Zenzanon or Zeiss - is there really a discernible difference?

Discussion in 'Medium Format' started by paul_richardson|1, Aug 9, 1999.

  1. I'm wavering between the purchase of a Rollei 6001 and a Bronica SQB.
    All things being equal, I'd go with the Rollei, but all things aren't
    equal. Like price, for example. The Bronica is about $1000 cheaper,
    with the current $300 rebate on a complete kit. What I'm wondering is,
    is there truly an appreciable difference in the two lens systems, or
    is the Zeiss advantage largely a matter of cachet? Does the difference
    justify the extra expenditure?
    I'd be printing no larger than 16x20 (if that large). Thanks.
  2. Some say "yes" to that question. It is probably a highly subjective view. There was at least one discussion about this subject a few months back. You might look in the older threads (I'd suggest "Search" but it isn't working for me at this time.) There is a considerable difference in lens price, however.

    I don't know about the Rollei 6001. The Father of Photo.Net (Philip Greenspun) thinks the 6008 is the best medium format camera on the market (see the "static" content elsewhere on Photo.Net).

    About the Bronica, I'd avoid the SQ-B. It is not completely upgradeable. Go with the SQ-Ai. B&H has the SQ-Ai Kit for $2499 (body, 80mm lens, wl finder, and 220 back). Tamron has a rebate offer that will include the 120 film back as part of the kit. (See www.bhphotovideo.com).

    My gut response is that you will be happy with the image quality of either system, so your purchasing decision comes down to price, available accessories, availability of service, and resale value.

  3. Hi:
    I also agree that the Rollei is the better of the two, because of the automation. As far as the lens debate goes I think its purely subjective. Zeiss has the aura, mystique and legend going for it. But the Zenzanon PQ lenses are pretty good. Still, I like the gadgets, bells and whistles, even if I can't afford them. Also, by buying the SQB you are violating one of the universial rules. (It's better to have it and not need it, than to need it and not have it.) This is a planned purchase for a main line peice of equipment. Go big! Get the automation.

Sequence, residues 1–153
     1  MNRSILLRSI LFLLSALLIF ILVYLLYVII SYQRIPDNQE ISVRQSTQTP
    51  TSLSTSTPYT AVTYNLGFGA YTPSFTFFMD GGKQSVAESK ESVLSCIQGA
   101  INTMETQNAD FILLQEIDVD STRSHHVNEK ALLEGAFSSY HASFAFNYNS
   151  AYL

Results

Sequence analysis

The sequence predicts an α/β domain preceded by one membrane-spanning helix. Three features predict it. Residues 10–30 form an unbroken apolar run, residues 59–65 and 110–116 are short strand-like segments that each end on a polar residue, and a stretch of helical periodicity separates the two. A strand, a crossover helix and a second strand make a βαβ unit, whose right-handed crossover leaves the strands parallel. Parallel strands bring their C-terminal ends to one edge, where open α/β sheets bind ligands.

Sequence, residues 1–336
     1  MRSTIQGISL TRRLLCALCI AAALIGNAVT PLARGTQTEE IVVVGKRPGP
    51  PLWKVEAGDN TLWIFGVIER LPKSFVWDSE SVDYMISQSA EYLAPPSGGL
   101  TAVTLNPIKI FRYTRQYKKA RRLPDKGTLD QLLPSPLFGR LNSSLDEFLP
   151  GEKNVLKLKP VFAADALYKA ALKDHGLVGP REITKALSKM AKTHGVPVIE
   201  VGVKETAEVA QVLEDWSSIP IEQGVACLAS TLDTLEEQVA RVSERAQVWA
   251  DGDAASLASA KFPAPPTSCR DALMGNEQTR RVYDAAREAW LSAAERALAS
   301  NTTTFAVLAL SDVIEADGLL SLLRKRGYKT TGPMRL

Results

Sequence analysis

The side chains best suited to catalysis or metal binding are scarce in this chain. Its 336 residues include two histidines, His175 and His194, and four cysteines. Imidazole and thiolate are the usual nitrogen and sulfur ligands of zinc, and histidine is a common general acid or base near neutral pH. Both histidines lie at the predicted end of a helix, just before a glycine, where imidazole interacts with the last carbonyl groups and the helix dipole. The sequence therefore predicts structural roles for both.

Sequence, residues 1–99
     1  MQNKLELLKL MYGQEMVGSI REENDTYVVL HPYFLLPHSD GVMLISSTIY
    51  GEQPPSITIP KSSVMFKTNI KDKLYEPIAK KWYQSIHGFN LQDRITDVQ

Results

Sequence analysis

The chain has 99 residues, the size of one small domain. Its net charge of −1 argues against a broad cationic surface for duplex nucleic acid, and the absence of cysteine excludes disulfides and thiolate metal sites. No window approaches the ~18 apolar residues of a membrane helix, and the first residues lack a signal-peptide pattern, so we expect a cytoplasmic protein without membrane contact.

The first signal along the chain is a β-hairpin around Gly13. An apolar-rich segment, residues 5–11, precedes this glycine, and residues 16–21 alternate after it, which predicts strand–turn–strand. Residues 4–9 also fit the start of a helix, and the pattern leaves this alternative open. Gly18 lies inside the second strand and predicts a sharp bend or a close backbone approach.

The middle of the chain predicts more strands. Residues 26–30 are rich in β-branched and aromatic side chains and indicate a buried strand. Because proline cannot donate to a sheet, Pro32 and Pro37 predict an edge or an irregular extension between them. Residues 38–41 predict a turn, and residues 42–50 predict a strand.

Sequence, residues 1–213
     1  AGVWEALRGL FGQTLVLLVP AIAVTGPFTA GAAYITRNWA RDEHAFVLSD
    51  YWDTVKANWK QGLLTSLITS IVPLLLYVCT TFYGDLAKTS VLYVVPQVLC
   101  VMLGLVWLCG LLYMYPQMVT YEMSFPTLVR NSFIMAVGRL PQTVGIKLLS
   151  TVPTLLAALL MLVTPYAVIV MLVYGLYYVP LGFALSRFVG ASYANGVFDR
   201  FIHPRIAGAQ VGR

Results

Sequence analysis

Marcus J.
  4. I owned Bronica SQ-Ai before. Now I am shooting with Rollei 6008i.
    There is nothing wrong with Bronica's lens. I love them. High quality and low price comparing to zeiss lens. I switched to Rollei because of everything else. The magazine doesn't _feel_ like well made stuff. I always have to use some force to close the magazine cover. The AE prism drain battery fast, and require adjustment in 2 years. The body is okay, but nothing great about it. Remember, I bought everything new from B&H. Last year, I switch to Rollei6008i. It is the best camera I have ever used. Before Bronica, I owned Hasselblad 503cx, 2000fcm. If I were you, I will get at least 6003.

    rendy cheng
  5. I add the following to support what other contributors have said in hopes the detail may be relevant. Though Bronica is one system I haven't used, I have owned or used most of the competition over a period of years. With the exception of old non-C Mamiya RB lenses (which were disappointing), overall image quality between the brands is pretty much the same. The situation today is not comparable to what it was when people wanting interchangeable TLR lenses had to give away image quality (compared to Rolleiflex) in order to do it. From my perspective, the differences which do exist have more to do with the color transmission characteristics of the glass as designed and implemented than with any genuine quality differences which would cause one to much favor one brand over the other.

    I used to do all my own darkroom work which allowed me to control on paper results from the different systems I had access to. By way of example, one test I ran directly compared the Zeiss Hasselblad 80 CF with an older Pentax 6x7 105mm by shooting the same scenes from a tripod with two different color slide films. The level of detail per unit film appeared to me to be virtually identical. The Pentax had more contrast (snap). The Zeiss, in some of the scenes, seemed to have a slightly more lifelike feel. What surprised me was how closely the comparatively inexpensive Pentax approximated the CF's color rendition. The Pentax 645 did the same thing. (The Mamiya 6 75mm, purchased somewhat later, on the other hand, was quite different, rendering at least an equally sharp image but with (to my eye) significantly more posterish color.) My long-term experience with these cameras confirmed these tests and indicated to me that what differences do exist come down to taste rather than anything one could objectively quantify. I routinely printed 16x20s and 20x24s. (However, I much prefer large format prints in this print size range.)